Acrylics Mode Notes
I turned to acrylics in October of 2018, putting my oils away for a spell. I had my Hot Dog party that month and wanted to clean up the studio for the party. Acrylics are cleaner, easier to use, less expensive, and not smelly. I decided to go along for awhile with acrylics and see what I could do.
I’ve had a long love/hate history with acrylics. I’ve been an oil painter since I was 13 years old. I started painting with acrylics at about 40, so I’ve been at the easel with them for 28 years. The first 10 years were a disaster. I hated them so much. I would use them for a month and then put them away. At the time, I tried to use them like oils and it was not pretty, and very frustrating. I didn’t give up. I kept trying on and off. About ten years ago, I spent a whole year learning how to use them. Then I went to using both mediums at two stations in the studio, which worked well.
I found that oddly, using two or more mediums seemed to cross over from one to the other in terms of technique sharing. I added casein to my mediums as well. I learned a lot about glazing and making seamless paintings between mediums. My oils and acrylics look entirely seamless most of the time now. Most people cannot tell the difference between the two when they view my paintings.
The biggest problem I see for landscape painters is a built in prejudice biased against acrylics and for oils. Back in my days at Paint Outs, painters shunned acrylics and painters who used them. I had spent a good year of studying acrylics before the paint out season. I took acrylics to a paint out, saying nothing to others. When the paintings were turned in, I told others that they were acrylics. They didn’t believe me. I see this silly attitude all the time from landscape painters. I know a woman artist who did beautiful acrylics. She joined one of the hoity toity painting groups and within a year, had switched over to oils. I’m sure she caved into the attitude of the group, as she had been a very successful acrylic painter for many years. Her acrylic work was far superior to her oil work. The abstract community does not seem to have this silly attitude, which I’m happy to note. To me, all mediums are genuine with superior skills. Luckily, I’m one of those stubborn people who don’t let others dictate how I paint and with which medium. They don’t pay my bills, so I don’t care what they think.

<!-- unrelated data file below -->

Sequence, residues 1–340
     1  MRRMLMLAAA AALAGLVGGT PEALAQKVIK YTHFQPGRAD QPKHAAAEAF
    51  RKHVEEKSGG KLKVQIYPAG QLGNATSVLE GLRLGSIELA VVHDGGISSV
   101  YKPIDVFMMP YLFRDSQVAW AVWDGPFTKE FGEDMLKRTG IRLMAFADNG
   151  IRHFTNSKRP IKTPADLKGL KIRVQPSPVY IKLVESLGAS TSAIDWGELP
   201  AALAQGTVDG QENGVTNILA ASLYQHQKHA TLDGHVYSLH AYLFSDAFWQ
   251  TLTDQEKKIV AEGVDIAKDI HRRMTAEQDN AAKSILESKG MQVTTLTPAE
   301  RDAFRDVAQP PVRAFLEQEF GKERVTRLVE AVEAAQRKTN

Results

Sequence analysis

I think I have reached a new level with acrylics this time. I am feeling comfortable with them at last. I am sure I will go back to my lovely oils again at some point. I will wake up one day and decide it is time to bring them out. I will probably go back to using three mediums again. I don’t know when. It will be time to learn new things with my oils.
More musings for artists and collectors to come….
Sun Dried Tomato Bread
1/2 jar sun dried tomatoes
1/3 cup olive oil
1/3 cup honey
1/2 tsp basil
1 T salt
3 T yeast
1/2 cup shredded Parmesan cheese
1 cup whole wheat flour
5 cups bread flour
2 cups warm water
1 cup half & half
Combine warm water,yeast, honey and let ferment about 5 minutes. Add all ingredients with salt last. use dough hook in mixer or knead by hand until dough is elastic and mixed thoroughly. You may need to add a bit more flour.
Place in greased bowl until dough rises to top. Punch down and knead again. Separate into loaves and place in greased loaf pans. Allow to rise again and gently place in 350 degree oven. Bake until loaves are brown and check bottom to see that it is brown too. Turn out onto cooling racks and let sit until completely cool. Freeze extra loaves.